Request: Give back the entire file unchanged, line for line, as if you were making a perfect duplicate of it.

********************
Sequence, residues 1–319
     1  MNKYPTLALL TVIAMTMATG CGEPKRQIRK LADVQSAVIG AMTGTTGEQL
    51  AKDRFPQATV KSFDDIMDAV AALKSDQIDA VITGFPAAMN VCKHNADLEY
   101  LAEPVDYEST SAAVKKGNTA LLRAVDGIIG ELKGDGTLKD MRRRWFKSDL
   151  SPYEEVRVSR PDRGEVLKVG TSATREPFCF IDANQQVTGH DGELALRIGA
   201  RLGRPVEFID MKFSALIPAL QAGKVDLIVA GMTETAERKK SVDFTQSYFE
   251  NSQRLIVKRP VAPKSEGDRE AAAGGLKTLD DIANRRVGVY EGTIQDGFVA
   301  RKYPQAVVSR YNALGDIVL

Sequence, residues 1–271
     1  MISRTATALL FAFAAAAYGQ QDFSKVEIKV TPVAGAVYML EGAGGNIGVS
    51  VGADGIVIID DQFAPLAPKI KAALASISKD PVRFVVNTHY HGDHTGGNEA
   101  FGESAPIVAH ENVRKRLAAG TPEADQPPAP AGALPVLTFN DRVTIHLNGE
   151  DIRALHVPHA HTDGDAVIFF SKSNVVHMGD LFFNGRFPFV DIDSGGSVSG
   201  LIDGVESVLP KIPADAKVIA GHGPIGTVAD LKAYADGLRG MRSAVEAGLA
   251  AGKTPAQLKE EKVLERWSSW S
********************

Sequence, residues 1–319
     1  MNKYPTLALL TVIAMTMATG CGEPKRQIRK LADVQSAVIG AMTGTTGEQL
    51  AKDRFPQATV KSFDDIMDAV AALKSDQIDA VITGFPAAMN VCKHNADLEY
   101  LAEPVDYEST SAAVKKGNTA LLRAVDGIIG ELKGDGTLKD MRRRWFKSDL
   151  SPYEEVRVSR PDRGEVLKVG TSATREPFCF IDANQQVTGH DGELALRIGA
   201  RLGRPVEFID MKFSALIPAL QAGKVDLIVA GMTETAERKK SVDFTQSYFE
   251  NSQRLIVKRP VAPKSEGDRE AAAGGLKTLD DIANRRVGVY EGTIQDGFVA
   301  RKYPQAVVSR YNALGDIVL

Sequence, residues 1–271
     1  MISRTATALL FAFAAAAYGQ QDFSKVEIKV TPVAGAVYML EGAGGNIGVS
    51  VGADGIVIID DQFAPLAPKI KAALASISKD PVRFVVNTHY HGDHTGGNEA
   101  FGESAPIVAH ENVRKRLAAG TPEADQPPAP AGALPVLTFN DRVTIHLNGE
   151  DIRALHVPHA HTDGDAVIFF SKSNVVHMGD LFFNGRFPFV DIDSGGSVSG
   201  LIDGVESVLP KIPADAKVIA GHGPIGTVAD LKAYADGLRG MRSAVEAGLA
   251  AGKTPAQLKE EKVLERWSSW S